With so many Canadians pursuing all-around healthier lifestyles, it’s no surprise that many are seeking alternatives to manage their pain.
Many of us immediately pop a Tylenol or an Advil whenever we feel a headache or pain coming on, as it’s often the first (and easiest) solution that comes to mind. But if you’re reading this, chances are you’re curious about alternatives to over-the-counter painkillers.
Whether you’re looking to expand your repertoire of holistic pain management, explore the potential benefits of soon-to-be legal cannabis or just see what else is out there, we’ve compiled a list of tools for pain management, all with natural therapeutic qualities, that you can find fairly easily in Canada. As with any new treatment plan, however, a physician should be consulted before you include any of these methods in your routine.
In addition to the old standby treatment for a strain or sprain, RICE (short for Rest, Ice, Compression and Elevation), heat is also an important element of treating pain. For those with lower back pain or arthritis, heat can be a particularly effective, natural method of pain relief. Drawing a hot bath filled with Epsom salts, applying a dry heating pad, spending a bit of time in a sauna or even wrapping a simple moist heating pack or steamed towel around a sore body part will ease pain without chemical intervention.
For thousands of years, different cultures around the world have noted the therapeutic qualities associated with many plants. Roots such as ginger and turmeric may help soothe abdominal pain, headaches and bone pain when ingested or used as an ingredient in topicals like ointments and salves. Try brewing a cup of ginger tea or cooking up a pot of turmeric chicken soup the next time you’re hit with a bout of pain.
While there’s still a great deal that we can learn about cannabis and pain relief, more and more people are consuming it to manage symptoms associated with injuries, post-surgery pain and more.
According to Chris Wagner, CEO at Emerald Health Therapeutics, the possible benefits stem from cannabis’ ability to help regulate the physiological and neurological responses produced by the endocannabinoid system. This system manages a variety of bodily processes, including appetite, pain sensations, mood and memory. “The endocannabinoid system operates on the same idea [as insulin],” Wagner says. “There are these endocannabinoid receptors on all of our cells, particularly in our brain, [and] these cells get opened and closed by the endocannabinoid system.”
With legalization just around the corner, cannabis consumption has become a common and more widely accepted method of pain relief. “I am shocked at the number of people—and quite often they're over fifty—who come up to me and say, ‘Oh, I've been using CBD.’ Or, ‘I've been smoking cannabis for pain, and it's super effective,’” Wagner adds.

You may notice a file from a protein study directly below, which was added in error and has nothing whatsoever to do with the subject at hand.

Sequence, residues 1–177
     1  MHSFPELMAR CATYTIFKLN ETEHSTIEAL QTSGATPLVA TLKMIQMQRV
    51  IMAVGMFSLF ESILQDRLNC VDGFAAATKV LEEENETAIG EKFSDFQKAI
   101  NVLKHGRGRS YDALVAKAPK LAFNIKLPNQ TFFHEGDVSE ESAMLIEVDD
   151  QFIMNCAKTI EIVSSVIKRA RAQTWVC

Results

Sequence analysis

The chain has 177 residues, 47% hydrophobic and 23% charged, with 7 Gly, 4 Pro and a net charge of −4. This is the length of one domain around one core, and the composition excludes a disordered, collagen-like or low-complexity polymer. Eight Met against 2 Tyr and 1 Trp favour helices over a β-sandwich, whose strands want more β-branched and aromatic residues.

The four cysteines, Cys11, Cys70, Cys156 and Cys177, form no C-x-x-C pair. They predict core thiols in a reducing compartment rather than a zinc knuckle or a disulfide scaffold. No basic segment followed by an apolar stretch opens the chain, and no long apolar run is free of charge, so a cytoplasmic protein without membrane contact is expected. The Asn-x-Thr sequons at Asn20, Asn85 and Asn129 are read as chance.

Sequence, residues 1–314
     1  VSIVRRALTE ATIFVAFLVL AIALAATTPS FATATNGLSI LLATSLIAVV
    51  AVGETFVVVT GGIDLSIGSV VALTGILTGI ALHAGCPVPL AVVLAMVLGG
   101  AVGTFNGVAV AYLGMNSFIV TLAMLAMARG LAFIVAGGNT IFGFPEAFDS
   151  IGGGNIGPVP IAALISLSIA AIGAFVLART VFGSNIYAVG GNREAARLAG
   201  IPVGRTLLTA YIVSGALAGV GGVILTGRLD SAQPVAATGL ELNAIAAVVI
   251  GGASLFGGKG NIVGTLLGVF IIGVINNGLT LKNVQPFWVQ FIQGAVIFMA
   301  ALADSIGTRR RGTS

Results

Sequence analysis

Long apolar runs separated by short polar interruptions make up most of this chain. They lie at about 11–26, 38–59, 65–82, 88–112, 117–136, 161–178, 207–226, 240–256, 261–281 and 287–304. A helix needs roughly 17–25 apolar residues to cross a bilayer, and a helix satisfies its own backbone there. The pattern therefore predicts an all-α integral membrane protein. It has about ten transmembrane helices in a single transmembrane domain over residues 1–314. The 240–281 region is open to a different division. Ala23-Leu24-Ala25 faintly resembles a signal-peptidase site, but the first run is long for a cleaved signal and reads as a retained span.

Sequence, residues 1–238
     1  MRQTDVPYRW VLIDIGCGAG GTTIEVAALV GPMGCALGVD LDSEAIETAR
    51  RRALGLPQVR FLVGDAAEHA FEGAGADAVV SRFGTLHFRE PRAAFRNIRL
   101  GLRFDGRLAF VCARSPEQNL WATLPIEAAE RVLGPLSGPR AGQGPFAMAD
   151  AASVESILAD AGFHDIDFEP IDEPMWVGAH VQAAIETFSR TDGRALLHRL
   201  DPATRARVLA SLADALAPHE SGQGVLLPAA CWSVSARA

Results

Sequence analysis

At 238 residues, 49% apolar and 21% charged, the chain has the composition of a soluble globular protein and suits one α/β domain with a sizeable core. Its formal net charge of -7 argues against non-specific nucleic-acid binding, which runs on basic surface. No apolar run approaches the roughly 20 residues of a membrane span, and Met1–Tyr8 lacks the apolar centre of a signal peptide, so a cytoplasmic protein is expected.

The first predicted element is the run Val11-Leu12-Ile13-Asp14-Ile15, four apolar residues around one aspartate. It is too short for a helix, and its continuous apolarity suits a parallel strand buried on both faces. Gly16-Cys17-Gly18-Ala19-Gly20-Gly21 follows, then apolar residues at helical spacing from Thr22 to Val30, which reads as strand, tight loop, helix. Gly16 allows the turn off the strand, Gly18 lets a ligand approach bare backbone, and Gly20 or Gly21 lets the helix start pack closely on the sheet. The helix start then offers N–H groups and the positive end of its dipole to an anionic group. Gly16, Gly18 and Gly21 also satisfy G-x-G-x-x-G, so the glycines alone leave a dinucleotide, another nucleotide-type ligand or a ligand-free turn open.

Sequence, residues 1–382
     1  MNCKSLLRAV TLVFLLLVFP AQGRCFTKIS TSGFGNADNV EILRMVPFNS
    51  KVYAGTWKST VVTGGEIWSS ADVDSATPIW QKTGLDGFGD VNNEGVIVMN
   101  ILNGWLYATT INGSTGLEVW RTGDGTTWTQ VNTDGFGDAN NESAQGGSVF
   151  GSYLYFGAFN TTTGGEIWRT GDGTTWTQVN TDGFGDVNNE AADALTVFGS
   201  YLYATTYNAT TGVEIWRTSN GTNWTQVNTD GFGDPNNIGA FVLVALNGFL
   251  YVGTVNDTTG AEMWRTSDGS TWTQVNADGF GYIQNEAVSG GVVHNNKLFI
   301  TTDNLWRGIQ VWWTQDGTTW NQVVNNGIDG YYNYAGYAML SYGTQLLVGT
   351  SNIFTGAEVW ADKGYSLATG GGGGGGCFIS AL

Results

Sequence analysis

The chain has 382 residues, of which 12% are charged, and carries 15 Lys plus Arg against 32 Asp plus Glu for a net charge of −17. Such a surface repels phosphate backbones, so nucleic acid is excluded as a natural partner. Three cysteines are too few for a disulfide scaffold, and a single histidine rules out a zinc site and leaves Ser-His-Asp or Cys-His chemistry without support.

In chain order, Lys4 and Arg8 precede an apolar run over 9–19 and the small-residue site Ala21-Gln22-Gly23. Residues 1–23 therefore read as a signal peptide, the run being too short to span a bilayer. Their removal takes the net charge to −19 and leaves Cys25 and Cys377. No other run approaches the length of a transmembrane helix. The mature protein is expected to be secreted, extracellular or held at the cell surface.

Massage, especially when performed by a registered massage therapist, can aid in relaxing tight, painful muscles as well as stimulating nerves. Massage therapy can be an excellent pain management tool that requires no additional substances (other than perhaps some massage oil) and can help with overall well-being, including reducing anxiety and stress.
In China, the benefits of acupuncture and acupressure have been explored for over two thousand years. And now, with many licensed North American medical professionals offering it to patients, it has become more accessible than ever. It is said by the National Institute of Health (NIH) to be useful in treating painful symptoms caused by issues with the knees, neck and spine, as well as having fewer negative side effects than other forms of treatment.
Practicing yoga helps to control breathing and increase relaxation, as the various poses involved stretch and strengthen the muscles. Plus, these exercises may help with pain. Those who experience suffering caused by migraines, arthritis, lower back pain and even fibromyalgia have experienced relief by practicing yoga regularly. In a study quoted by Harvard University, it was found that over 300 participants with chronic lower back pain increased their mobility with a weekly yoga class.
Long touted for their health benefits, omega-3 fatty acids, found in fish oils, walnuts, flaxseed oil and many other whole food products, have anti-inflammatory qualities that may assist in pain relief. For this reason, introducing more omega-3s into your diet can help reduce inflammation associated with painful conditions such as arthritis.
There are many alternative methods of pain management available to those who are interested in avoiding opioids and over-the-counter painkillers. Alternative pain management tools are becoming more and more available (and appealing) to consumers, as they present less risk for addiction and negative side effects. Whether you’re seeking relief from run-of-the-mill aches and pains or a more serious condition, consider implementing one or more of these methods into your routine.